Hefford still going strong at 33

MIKE KOREEN, QMI Agency

, Last Updated: 9:57 AM ET

KINGSTON, Ont. Jayna Hefford doesn't mind being the team geezer.

Age, after all, is just a number.

It happened fast, the Kingston-born hockey star chuckled after playing the first of two Canadian Women's Hockey League outreach games with her Brampton Thunder at the Invista Centre on Saturday.

I went from being a rookie to being the oldest.

Indeed, Hefford recorded a career first at the Canadian national women's team's most recent event the 4 Nations Cup in Newfoundland last month.

With the retirement of veteran defenceman Becky Kellar after Canada won gold at the Vancouver Olympics in February, Hefford, at the age of 33, became Canada's oldest player.

It is one of those things you don't really think about, Hefford said. Then when you do, you think 'Wow, that's kind of crazy.'

But I'm still having fun and when your teammates are 18, it makes you feel like you are 18.

On Saturday, Hefford looked quite good before an enthusiastic crowd of about 400.

Hefford and fellow national team veteran Caroline Ouellette of the Montreal Stars were the two most dangerous players on the ice. Undefeated Montreal rallied to beat Brampton 3-2 the only downside for the hometown fans, who watched Kingston natives Hefford and Brooke Beazer score for the Thunder.

On Sunday, the Stars crushed the Thunder 7-0.

Hefford, whose first few strides set her apart from most other players on the ice on Saturday, doesn't know whether she wants to stick around for a fifth Olympics in 2014 in Sochi, Russia.

What she did know is that she didn't want to call it quits after the jubilation of Vancouver.

Last (season) was so intense, Hefford said. The goal of being in Vancouver and winning gold was a four-year kind of thing. To think about that being the last time you play, I didn't even want to put that on the table. I just wanted to go and enjoy it.

This year is kind of about that, too. Then, I'll see where I'm at.

Though Hefford was relatively quiet in Newfoundland with three points in four games, she was second in individual scoring at the Olympics and is tied for second in scoring this season in the CWHL, the top league for women's players.

Hefford's next international test will come at the world championship in Zurich, Switzerland in April. After that, she'll consider her options.

I could be in Russia, I may not be in Russia, we'll see, she said. I definitely want to stay involved with the game. If I do stick around and play, I want to make sure I'm an impact player and I can help the team in a real positive way. If I can't, I'll know that's my time, too.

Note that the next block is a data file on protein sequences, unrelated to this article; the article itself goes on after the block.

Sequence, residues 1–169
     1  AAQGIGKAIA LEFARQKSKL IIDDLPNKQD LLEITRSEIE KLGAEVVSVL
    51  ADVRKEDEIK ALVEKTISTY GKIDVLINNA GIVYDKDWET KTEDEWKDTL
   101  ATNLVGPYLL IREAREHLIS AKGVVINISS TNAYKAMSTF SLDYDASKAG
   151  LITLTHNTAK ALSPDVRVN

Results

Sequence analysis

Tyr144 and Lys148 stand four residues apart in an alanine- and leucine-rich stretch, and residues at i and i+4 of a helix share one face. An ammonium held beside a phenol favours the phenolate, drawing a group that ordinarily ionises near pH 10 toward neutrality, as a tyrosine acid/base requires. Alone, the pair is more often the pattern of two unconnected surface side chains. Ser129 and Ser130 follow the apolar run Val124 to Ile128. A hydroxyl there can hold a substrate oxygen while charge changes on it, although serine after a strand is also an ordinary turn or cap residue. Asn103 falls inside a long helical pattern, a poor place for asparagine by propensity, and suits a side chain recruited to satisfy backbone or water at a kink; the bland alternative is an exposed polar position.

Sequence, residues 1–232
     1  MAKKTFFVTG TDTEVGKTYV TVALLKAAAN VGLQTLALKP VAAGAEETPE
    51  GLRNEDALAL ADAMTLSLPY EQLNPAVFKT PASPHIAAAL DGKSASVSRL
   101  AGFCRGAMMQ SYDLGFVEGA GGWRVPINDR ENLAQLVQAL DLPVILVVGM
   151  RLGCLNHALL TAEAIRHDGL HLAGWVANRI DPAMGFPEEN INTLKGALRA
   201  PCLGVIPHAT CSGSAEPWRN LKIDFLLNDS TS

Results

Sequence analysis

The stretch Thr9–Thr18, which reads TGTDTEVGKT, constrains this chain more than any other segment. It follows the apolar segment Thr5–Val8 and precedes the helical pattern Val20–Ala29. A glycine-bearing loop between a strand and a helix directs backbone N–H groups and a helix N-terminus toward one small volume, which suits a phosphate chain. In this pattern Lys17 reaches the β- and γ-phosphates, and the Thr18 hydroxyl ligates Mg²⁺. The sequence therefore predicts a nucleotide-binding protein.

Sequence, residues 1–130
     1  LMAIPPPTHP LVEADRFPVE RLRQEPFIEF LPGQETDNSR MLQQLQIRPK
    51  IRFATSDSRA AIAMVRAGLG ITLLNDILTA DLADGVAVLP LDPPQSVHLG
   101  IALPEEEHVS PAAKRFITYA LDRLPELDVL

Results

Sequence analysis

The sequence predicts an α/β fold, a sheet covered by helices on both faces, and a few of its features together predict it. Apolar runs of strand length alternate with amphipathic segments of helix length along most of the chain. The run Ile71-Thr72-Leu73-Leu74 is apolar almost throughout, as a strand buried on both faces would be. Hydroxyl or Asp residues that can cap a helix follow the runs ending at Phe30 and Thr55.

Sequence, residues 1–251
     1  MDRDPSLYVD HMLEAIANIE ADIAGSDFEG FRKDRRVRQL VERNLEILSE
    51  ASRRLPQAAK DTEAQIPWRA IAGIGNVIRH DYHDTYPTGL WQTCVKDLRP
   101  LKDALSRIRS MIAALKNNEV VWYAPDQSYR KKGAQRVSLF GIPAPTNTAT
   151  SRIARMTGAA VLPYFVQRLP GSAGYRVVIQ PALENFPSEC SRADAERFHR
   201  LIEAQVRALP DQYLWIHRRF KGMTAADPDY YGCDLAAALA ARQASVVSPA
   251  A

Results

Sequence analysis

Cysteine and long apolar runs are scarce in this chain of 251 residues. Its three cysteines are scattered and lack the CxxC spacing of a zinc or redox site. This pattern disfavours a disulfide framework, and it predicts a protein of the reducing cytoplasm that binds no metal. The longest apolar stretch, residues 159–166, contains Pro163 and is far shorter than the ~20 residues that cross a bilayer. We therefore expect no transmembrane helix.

If it's up to Kingston fans, Hefford will make a run for 2014. She fired home a rebound in the first period on Saturday, drawing a loud cheer from the fans, many of whom attended Hefford and Thunder teammate Lori Dupuis' Kingston hockey school this summer.

It's always fun to come home, Hefford said. For Lori and I, with our hockey school, a lot of the girls are really familiar. It's nice for them to see this level of hockey. It doesn't come through here all that often.

At the Clarkson Cup national championship at the K-Rock Centre in 2009, Hefford and Beazer were held off the scoresheet in a loss to Montreal.

Beazer, who is playing forward this season after suiting up as a defenceman last year, won't soon forget her goal in front of the Kingston fans on Saturday.

The last big thing in Kingston was provincials when I was 14 playing midget, Beazer, now 24, said.

Beazer didn't hesitate when asked if Hefford should keep playing until 2014.

She's still at a top level, Beazer said. She's still, in my opinion, the best player out there. She's still working it and hopefully, she's going for Sochi. I think she'll do it. I think she wants it.

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The games in Kingston were part of a CWHL strategy to expose the league to markets without teams. Other cities hosting games this season are St. Catharines, Georgetown, Collingwood and Glencoe (west of London). The CWHL has teams in Boston, Montreal, Burlington, Brampton and Toronto. ... The Kingston Kimco Voyageurs allowed the Thunder, with the two Kingston players, to use their dressing room for the entire weekend. ... Montreal had just 12 skaters on Saturday with two players serving as NCAA assistant coaches and three players injured. Another Stars player, forward Noemie Marin, hurt her right leg after an awkward fall into the boards on Saturday, keeping her out of Sunday's contest.


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